In Roberts v. Ray, No. E2015-01522-COA-R3-CV (Tenn. Ct. App. April 13, 2016), the Court of Appeals reversed summary judgment on a legal malpractice claim, finding that there were genuine issues of material fact in the case.
Plaintiff’s attorney (now the defendant in a legal malpractice claim) drafted a prenuptial agreement for defendant husband and his estranged wife in 2006. Attorney used a standard form from 1993, and this was the first prenuptial agreement he had drafted. Husband, wife and plaintiff attorney were all in agreement that there had been no “full and fair disclosure” of husband’s assets before the agreement was signed. The agreement, however, did state that “[e]ach party acknowledges that he or she knows and understands the value of the property…”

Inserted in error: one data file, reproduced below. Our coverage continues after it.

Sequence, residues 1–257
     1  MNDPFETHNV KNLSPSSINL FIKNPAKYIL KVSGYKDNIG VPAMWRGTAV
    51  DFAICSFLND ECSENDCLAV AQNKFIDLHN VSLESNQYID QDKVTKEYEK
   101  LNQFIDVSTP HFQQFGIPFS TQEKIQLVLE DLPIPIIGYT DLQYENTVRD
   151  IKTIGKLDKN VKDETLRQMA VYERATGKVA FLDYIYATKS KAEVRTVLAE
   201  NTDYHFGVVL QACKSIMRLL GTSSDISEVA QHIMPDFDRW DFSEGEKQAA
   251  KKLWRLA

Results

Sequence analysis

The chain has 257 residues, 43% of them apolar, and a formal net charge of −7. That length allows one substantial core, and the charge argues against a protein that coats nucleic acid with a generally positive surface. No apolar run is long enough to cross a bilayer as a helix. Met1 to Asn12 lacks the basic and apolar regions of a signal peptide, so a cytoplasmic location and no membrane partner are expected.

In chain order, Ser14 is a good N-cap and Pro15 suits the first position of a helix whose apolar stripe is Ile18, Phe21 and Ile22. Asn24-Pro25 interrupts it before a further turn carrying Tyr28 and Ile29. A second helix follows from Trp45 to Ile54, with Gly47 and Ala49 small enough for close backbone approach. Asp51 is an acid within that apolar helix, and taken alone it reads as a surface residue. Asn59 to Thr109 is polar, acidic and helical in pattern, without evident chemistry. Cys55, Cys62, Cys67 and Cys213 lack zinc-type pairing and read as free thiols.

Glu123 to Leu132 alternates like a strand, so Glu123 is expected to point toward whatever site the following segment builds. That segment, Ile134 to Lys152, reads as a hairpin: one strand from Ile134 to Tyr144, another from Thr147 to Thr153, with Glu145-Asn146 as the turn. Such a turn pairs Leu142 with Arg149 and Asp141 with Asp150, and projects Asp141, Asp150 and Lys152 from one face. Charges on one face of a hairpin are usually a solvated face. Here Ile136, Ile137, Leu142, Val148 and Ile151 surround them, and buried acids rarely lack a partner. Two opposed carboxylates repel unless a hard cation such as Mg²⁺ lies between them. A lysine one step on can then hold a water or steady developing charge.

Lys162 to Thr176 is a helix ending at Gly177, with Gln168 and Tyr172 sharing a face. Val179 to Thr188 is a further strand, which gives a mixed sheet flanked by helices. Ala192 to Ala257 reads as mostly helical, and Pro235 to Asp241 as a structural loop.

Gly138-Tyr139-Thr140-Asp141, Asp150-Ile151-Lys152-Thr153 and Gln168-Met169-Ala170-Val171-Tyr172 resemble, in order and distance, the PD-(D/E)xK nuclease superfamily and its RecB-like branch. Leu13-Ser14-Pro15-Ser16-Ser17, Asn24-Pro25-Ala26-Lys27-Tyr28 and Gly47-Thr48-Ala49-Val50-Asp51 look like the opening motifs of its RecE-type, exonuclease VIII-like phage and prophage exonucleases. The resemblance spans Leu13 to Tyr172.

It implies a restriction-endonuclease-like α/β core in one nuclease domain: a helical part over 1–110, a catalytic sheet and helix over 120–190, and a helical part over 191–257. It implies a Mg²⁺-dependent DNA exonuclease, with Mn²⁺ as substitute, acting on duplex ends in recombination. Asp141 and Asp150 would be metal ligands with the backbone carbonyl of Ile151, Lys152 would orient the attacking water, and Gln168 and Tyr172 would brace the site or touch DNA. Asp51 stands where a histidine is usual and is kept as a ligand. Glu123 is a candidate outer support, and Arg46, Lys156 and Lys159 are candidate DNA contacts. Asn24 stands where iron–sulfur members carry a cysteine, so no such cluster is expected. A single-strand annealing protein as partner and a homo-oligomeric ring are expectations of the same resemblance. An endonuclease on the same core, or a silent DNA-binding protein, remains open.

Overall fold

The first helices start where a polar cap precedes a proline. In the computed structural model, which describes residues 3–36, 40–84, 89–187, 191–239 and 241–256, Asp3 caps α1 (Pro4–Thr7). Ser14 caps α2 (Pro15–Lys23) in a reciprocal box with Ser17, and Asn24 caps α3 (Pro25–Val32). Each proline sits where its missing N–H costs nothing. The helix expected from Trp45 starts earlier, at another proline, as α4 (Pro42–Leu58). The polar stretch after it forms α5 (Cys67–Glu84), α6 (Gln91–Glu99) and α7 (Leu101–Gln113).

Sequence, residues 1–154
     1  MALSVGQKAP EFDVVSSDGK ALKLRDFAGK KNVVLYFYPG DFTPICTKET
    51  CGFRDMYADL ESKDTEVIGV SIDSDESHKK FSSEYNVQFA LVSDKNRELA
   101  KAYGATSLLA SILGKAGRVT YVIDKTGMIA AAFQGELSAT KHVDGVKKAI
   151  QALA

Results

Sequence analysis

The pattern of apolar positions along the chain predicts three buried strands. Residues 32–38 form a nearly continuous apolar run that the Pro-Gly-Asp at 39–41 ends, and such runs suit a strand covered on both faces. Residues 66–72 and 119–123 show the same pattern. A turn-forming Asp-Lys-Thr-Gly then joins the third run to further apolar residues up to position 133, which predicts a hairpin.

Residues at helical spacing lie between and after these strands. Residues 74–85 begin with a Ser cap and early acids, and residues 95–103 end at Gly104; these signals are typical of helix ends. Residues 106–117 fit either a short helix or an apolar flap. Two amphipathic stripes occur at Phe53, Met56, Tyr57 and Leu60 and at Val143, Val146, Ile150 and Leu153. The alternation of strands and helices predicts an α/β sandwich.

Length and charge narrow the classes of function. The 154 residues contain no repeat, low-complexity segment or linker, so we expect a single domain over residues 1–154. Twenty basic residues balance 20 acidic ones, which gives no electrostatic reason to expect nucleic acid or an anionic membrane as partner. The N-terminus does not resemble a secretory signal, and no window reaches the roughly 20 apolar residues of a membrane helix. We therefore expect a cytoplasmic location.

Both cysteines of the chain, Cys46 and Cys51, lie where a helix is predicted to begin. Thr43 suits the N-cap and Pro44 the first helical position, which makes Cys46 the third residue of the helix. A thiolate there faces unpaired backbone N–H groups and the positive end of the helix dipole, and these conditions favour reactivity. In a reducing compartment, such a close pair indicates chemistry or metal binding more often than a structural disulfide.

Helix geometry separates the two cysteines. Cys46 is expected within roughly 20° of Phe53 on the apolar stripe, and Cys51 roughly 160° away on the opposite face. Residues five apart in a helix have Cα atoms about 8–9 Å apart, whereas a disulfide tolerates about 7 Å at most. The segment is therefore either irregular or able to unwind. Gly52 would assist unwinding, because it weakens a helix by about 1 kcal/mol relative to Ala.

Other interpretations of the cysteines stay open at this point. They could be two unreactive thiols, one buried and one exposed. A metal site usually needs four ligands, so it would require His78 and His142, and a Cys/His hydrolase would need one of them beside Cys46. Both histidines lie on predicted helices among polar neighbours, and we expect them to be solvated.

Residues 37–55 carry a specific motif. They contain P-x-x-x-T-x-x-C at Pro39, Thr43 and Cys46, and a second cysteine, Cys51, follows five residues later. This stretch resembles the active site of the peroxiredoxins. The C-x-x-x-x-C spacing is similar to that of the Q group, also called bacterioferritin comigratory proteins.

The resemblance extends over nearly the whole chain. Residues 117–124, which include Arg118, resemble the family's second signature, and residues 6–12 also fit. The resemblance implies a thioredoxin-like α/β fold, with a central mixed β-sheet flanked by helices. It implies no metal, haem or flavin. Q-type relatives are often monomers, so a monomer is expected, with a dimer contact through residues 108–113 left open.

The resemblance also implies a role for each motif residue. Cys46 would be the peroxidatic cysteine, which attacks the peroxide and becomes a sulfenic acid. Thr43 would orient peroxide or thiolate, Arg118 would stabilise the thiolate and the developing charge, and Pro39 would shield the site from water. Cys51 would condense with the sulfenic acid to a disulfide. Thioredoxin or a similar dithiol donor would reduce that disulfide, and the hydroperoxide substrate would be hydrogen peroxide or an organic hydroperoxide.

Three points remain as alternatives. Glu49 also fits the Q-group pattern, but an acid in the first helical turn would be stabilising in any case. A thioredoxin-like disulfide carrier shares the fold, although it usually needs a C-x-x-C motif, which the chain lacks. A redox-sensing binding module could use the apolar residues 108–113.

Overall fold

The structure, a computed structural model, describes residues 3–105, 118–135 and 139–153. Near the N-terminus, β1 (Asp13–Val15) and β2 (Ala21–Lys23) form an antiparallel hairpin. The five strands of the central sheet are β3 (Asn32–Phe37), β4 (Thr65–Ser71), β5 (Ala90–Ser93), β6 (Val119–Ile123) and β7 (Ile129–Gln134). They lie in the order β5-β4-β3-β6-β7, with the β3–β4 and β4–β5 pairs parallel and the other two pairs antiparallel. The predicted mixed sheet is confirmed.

During the divorce proceeding, wife sought to invalidate the prenuptial agreement. Evidence in the divorce case suggested that husband and wife had never really talked about the value of husband’s assets, that husband kept financial information in a cabinet to which wife had access, though she testified that she had not looked at it, and that both husband and wife thought that defendant attorney were representing them both during the drafting and signing of the prenuptial agreement. After a hearing, the trial court set aside the prenuptial agreement, and plaintiff husband eventually entered into a marital dissolution agreement with wife which included a financial settlement.